Grace in our churches, workplaces and in messy relationships
I recently finished reading Everyday Grace by Jessica Thompson. The adult class I teach will be going through the book in the Spring of 2016. Below are some thoughts on church, work, and those difficult people in our lives from Thompson:
The truth of our belovedness is what sanctifies. The truth of the wonderful story of redemption is what sanctifies...In your struggle against sin, in your struggle to be a more "sanctified Christian," remember the truth of God's love for you in Christ...Our sanctification is completely about him and his work in our lives, his completed work, his ongoing work.
Instead of fixing each other's broken parts, what if we started bearing with each other's broken parts?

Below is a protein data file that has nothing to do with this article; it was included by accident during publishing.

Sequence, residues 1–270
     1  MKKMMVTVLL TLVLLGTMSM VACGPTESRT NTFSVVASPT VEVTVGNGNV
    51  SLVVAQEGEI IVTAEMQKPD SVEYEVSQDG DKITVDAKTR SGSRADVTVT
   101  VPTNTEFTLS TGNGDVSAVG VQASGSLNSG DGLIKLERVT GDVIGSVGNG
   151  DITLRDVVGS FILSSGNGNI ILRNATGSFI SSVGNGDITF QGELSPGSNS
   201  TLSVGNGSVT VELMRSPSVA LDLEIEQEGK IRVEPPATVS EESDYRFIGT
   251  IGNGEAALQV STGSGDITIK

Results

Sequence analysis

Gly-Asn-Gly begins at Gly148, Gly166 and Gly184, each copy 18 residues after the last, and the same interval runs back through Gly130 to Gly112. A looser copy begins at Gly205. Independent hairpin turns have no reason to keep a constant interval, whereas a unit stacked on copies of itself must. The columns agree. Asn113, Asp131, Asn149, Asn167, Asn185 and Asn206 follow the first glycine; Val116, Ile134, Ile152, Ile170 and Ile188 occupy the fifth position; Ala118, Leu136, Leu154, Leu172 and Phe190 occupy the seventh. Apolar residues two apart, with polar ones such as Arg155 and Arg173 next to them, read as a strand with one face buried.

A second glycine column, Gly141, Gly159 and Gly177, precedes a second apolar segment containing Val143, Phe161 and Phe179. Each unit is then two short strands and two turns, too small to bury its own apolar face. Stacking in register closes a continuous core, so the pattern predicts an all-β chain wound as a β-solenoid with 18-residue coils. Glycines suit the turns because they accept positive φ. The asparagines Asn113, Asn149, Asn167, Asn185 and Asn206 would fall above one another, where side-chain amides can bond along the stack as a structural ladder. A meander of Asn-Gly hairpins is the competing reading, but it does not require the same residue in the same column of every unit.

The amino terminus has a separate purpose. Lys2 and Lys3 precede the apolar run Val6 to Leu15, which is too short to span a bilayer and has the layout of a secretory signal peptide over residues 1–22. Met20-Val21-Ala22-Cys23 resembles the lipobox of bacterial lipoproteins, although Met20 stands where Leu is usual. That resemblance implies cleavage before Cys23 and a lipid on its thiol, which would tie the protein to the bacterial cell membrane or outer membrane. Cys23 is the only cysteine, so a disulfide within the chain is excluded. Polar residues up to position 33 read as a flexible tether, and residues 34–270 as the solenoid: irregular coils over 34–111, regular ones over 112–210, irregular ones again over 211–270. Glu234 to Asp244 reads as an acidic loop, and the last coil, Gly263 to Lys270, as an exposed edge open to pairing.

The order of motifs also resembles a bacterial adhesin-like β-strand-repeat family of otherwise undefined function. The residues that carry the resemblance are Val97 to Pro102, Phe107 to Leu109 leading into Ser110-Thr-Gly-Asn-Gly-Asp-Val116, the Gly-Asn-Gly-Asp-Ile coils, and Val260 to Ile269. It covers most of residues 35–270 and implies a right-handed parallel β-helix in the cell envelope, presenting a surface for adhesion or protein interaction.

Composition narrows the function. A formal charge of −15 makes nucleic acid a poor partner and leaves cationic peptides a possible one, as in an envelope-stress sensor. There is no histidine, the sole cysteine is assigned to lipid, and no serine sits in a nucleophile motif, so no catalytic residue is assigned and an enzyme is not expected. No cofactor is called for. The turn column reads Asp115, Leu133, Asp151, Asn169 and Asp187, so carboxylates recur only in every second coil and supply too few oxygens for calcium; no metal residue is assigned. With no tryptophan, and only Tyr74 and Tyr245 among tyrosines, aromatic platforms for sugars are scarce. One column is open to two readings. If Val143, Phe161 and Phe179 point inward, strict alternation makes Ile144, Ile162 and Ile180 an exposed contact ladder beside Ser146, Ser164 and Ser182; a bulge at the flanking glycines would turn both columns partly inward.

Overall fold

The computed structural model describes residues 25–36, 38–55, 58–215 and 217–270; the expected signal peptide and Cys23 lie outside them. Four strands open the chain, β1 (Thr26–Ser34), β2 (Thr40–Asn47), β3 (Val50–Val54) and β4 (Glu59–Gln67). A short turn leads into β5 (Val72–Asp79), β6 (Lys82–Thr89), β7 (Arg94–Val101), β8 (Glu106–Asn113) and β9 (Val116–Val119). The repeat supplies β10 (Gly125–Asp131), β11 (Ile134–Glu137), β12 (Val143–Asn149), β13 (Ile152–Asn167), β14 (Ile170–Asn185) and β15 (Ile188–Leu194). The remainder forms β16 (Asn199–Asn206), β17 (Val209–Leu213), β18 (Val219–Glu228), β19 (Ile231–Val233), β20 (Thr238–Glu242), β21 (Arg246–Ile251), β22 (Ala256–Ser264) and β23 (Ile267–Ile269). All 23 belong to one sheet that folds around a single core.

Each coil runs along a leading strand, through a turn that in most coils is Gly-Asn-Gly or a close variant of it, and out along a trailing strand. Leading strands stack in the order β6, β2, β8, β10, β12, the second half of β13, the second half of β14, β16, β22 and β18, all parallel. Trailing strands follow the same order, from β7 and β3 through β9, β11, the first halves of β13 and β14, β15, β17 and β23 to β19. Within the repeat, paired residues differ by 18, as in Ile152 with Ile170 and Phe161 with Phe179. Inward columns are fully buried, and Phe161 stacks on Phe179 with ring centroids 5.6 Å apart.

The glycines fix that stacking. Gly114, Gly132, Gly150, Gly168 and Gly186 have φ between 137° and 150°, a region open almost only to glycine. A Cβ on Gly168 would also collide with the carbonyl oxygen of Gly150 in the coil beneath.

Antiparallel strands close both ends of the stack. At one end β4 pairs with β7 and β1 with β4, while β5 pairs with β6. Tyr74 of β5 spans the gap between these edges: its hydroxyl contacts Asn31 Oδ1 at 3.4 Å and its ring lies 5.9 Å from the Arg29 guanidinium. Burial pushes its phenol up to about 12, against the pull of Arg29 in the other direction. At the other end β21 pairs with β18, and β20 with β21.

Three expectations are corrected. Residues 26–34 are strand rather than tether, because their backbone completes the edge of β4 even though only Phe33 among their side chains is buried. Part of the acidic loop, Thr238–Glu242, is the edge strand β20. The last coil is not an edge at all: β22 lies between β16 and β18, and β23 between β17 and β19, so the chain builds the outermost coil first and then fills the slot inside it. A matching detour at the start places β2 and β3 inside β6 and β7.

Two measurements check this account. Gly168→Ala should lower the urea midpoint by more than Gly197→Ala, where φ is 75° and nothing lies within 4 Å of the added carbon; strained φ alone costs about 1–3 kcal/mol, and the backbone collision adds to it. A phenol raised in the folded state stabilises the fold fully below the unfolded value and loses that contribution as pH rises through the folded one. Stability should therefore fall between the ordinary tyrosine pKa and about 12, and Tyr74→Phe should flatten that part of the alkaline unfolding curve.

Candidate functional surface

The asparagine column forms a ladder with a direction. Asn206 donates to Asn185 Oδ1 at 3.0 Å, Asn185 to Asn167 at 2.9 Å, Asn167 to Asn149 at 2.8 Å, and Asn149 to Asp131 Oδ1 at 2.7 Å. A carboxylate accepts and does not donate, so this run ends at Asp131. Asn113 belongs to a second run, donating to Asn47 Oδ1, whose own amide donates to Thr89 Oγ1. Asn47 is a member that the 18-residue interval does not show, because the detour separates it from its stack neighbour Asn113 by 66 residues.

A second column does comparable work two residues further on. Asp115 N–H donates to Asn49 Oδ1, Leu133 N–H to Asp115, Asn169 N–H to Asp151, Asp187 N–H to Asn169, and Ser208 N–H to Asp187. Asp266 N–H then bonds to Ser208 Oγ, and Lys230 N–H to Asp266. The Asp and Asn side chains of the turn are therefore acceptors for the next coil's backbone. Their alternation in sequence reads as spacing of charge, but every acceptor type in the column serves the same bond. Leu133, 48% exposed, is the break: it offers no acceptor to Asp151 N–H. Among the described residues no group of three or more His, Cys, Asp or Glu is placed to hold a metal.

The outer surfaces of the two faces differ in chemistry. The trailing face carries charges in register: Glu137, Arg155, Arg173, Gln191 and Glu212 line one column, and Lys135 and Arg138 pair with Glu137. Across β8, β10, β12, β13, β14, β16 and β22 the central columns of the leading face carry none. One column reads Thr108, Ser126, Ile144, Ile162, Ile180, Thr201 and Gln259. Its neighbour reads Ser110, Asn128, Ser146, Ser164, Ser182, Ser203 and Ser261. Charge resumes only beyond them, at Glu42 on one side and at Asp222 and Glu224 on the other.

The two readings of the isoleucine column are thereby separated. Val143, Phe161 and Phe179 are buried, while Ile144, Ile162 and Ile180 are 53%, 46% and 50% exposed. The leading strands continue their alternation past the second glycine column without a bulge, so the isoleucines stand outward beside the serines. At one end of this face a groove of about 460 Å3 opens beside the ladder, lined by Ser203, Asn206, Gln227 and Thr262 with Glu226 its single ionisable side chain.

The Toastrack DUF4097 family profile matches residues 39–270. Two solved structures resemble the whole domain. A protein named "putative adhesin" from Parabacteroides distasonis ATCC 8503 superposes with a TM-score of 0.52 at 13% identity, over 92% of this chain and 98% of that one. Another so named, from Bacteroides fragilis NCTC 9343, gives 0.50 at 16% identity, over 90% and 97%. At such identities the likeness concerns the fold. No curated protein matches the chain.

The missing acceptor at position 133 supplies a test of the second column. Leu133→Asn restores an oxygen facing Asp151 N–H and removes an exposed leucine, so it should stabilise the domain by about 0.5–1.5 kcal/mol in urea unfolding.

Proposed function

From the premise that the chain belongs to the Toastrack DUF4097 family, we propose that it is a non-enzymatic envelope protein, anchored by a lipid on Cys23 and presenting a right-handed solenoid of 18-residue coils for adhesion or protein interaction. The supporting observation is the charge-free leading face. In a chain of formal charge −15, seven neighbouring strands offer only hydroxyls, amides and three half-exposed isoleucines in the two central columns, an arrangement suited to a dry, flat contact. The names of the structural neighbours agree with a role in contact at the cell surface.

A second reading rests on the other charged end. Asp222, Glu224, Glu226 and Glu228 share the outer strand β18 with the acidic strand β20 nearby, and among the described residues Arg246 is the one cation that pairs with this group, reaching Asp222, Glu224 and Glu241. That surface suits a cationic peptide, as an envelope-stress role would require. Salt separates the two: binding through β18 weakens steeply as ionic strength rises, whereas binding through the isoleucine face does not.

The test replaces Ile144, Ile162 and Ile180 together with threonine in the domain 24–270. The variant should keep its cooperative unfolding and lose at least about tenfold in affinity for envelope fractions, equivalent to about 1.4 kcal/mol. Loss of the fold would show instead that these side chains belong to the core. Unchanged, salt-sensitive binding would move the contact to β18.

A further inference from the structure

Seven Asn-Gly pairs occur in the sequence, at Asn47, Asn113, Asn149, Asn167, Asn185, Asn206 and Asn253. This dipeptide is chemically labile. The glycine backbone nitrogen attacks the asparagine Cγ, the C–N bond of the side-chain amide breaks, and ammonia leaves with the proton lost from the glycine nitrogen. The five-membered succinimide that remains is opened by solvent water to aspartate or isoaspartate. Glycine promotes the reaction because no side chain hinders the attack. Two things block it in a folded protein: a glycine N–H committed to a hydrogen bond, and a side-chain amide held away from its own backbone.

So we are humble with one another, not thinking we are better than others. We are gentle with each other, instead of beating each other over the head with a long list of "you-should."
A. W. Tozier writes, "one of the greatest hindrances to internal peace which the Christian encounters is the common habit of dividing our lives into two areas, the sacred and the secular...so that we live a divided instead of a unified life.
The problem is that the very thing we are looking for in our own work performance, we already have in Jesus' performance and in his work.
You aren't really even working for them (your boss/company). You are working for Christ. Once we get a hold of that, it changes everything. It changes how we work...
The Holy Spirit's job doesn't stop once you make a profession of faith; it continues as he carries on reminding you every day that the gospel is for you.
When I relinquish the desire to be the Savior and just grieve with my friends, the Holy Spirit does some pretty amazing work.
What if we took the time to really pray before we answered someone? What if we actually trusted the Holy Spirit to speak through us?